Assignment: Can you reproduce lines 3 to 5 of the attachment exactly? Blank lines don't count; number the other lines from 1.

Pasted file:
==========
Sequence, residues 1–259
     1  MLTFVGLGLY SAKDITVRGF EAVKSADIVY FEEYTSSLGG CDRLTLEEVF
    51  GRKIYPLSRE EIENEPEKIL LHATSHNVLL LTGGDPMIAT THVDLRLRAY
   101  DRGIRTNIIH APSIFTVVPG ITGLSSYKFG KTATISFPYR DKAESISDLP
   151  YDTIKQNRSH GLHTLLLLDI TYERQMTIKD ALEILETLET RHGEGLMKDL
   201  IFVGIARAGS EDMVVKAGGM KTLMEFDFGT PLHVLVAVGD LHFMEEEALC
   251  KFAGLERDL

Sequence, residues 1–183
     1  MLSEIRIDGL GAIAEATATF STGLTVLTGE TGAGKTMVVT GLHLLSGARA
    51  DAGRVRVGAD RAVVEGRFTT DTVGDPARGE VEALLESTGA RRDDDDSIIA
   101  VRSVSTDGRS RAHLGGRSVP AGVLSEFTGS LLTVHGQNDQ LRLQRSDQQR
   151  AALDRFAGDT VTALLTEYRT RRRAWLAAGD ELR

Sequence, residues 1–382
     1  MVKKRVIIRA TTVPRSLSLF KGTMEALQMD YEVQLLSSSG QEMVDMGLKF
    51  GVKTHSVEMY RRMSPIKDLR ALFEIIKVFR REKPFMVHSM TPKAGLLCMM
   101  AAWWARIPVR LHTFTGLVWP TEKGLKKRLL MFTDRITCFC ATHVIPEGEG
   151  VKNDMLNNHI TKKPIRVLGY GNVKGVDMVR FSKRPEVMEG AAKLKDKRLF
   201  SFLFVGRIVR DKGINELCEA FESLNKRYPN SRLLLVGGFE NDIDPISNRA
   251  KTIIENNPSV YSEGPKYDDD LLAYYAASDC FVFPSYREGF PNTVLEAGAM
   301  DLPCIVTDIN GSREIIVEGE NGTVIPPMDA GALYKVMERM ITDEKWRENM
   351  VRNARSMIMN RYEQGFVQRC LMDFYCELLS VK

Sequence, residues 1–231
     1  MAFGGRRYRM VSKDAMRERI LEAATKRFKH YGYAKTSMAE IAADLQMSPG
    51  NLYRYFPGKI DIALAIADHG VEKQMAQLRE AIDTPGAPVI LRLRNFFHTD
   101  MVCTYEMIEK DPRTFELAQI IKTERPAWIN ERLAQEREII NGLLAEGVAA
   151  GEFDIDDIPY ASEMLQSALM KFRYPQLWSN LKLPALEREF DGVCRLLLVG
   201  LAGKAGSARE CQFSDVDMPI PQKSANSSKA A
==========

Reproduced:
    51  GRKIYPLSRE EIENEPEKIL LHATSHNVLL LTGGDPMIAT THVDLRLRAY
   101  DRGIRTNIIH APSIFTVVPG ITGLSSYKFG KTATISFPYR DKAESISDLP
   151  YDTIKQNRSH GLHTLLLLDI TYERQMTIKD ALEILETLET RHGEGLMKDL